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Robert Lamoureux: The proper way to drain your water heater

Your Home Improvements

Posted: April 4, 2009 12:19 a.m.
Updated: April 4, 2009 4:55 a.m.
 
Hello Robert,
Some time ago I drained my hot water heater, as suggested by a plumber. After following his instructions to do this annually for about 8-10 minutes each time, I now have a loud gurgling hot water heater almost every time someone turns on water in the house. To me it sounds like air in the system. Would you please let me know how to eliminate the gurgling sound (air in the tank?) and the "proper" way to drain a hot water heater annually. Thanks for your help,
Richard C.

Hi Richard,
The proper way to drain it is to open up the petcock and let it flush. First, cut the power to the tank if you have an electric heater or turn the thermostat to pilot if gas. Turn off the water supply and pump. Open the hot water faucets inside your home. Then open the pressure relief valve at the top of the tank and open the petcock and let it flush itself out.

If you have hardened sediment in the bottom of the tank, there is nothing you can do about it because it is a sealed unit. Some of the gurgling could be attributed to these sediments once they have solidified and are causing restrictions in the tank. One way to check is to stick a coat hanger in through the valve. If you pull out any white, crusty sediment, or if the tank is eight years old or older, then it is time to get rid of it and change the tank out.

If the tank is new, then you can install an expansion tank which will relieve the pressure on your system and will probably stop those noises. Since heated water expands, it would go inside the expansion tank and save the wear and tear on your valves and pipes.

Hi Robert,
We have an overhead gate assembly that needs repair. One of the posts on the side is cracked and the welding company says it has to be replaced because it is crystallized. Isn't it possible to weld a new piece onto the existing post instead of replacement? Thank you.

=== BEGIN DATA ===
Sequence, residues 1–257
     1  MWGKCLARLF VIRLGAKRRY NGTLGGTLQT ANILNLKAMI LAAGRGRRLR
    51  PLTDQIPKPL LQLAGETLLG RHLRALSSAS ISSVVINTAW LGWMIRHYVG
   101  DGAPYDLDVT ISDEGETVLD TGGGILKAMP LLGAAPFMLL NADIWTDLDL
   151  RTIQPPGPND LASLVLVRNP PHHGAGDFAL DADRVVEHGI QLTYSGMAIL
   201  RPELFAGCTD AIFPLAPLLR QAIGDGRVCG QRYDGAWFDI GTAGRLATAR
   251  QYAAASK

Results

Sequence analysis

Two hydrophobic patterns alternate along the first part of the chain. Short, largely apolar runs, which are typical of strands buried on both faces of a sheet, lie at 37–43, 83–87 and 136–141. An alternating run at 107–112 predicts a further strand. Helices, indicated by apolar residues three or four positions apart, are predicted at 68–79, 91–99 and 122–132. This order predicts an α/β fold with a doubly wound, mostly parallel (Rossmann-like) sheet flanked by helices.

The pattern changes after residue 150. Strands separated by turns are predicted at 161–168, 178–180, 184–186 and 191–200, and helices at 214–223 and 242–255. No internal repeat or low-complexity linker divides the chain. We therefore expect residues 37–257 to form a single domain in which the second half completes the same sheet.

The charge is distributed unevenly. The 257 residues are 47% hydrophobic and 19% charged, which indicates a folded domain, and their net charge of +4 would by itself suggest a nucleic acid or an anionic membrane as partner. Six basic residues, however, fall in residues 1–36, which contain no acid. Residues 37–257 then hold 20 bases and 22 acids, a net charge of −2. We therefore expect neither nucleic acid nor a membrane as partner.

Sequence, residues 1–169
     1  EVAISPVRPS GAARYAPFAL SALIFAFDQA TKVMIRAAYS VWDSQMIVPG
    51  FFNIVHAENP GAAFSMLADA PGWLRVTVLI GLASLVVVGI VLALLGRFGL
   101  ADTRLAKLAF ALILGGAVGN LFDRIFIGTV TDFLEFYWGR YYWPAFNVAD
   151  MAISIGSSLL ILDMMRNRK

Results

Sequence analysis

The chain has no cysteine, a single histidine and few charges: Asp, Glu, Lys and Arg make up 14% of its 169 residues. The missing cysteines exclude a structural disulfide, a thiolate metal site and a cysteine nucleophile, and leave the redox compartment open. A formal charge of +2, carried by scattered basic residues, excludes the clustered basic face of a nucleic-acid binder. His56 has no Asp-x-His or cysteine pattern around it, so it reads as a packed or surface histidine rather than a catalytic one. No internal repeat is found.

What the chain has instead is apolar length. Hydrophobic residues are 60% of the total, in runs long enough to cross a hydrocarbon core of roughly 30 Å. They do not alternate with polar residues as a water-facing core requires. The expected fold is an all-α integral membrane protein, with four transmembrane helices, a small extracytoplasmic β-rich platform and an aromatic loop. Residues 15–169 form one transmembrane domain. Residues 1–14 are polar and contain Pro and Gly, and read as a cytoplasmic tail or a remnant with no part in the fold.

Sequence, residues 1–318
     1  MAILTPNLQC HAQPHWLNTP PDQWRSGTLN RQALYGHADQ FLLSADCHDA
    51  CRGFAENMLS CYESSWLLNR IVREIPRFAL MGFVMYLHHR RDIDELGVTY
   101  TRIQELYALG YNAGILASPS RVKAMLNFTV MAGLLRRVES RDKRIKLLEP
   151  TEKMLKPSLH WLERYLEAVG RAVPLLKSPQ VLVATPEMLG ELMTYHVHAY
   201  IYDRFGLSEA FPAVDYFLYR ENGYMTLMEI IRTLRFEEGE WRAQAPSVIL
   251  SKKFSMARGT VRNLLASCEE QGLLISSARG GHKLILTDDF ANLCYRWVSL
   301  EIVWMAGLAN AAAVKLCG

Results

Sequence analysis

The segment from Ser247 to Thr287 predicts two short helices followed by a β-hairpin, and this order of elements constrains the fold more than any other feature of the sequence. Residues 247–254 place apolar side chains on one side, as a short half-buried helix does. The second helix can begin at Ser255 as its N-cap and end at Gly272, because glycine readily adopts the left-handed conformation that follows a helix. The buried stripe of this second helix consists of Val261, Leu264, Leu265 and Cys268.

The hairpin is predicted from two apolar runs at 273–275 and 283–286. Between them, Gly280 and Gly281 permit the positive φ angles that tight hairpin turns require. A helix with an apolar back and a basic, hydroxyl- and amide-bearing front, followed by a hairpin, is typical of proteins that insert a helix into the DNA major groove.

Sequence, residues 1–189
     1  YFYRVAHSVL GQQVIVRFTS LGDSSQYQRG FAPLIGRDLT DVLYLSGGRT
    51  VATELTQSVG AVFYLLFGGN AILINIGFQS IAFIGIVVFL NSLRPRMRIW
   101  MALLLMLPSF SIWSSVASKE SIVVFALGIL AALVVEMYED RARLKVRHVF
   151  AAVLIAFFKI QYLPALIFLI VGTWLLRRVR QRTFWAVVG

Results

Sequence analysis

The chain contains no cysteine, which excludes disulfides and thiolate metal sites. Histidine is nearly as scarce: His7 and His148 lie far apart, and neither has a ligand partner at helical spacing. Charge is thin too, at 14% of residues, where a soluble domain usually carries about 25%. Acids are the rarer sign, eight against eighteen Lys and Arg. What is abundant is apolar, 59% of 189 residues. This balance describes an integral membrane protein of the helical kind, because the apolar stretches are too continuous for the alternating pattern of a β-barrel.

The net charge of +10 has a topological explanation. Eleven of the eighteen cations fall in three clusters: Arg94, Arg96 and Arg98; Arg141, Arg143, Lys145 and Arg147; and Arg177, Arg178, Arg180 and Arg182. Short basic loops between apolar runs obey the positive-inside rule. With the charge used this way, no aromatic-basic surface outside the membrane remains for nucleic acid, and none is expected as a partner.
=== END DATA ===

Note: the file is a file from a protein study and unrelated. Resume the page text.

Miriam B.

Hi Miriam,
It's not uncommon for those gates to weigh 800 lbs., or more. I personally would not put that amount of weight on a sistered post on crystallized metal. Crystallized means that it has already been repaired, probably several times. The heat of welding, then cooling, over and over changes the molecular structure of the metal to the point where it is no longer strong. Listen to the welders.

There is absolutely no way I would allow crystallized metal anywhere near an overhead gate. You do not want that gate coming down on someone or their vehicle. Take that old post out of there. Re-core, set and weld a new one in place. Do it once, do it right.

Robert,
I have three lights out in my office building. One downstairs and two upstairs. I had my handyman take a look at it and he said it was a "major electrical problem." He replaced the bulbs and they still did not work. I will call an electrician, but wanted to get an idea of what this might be beforehand. Thank you.
Oscar T.

Hi Oscar,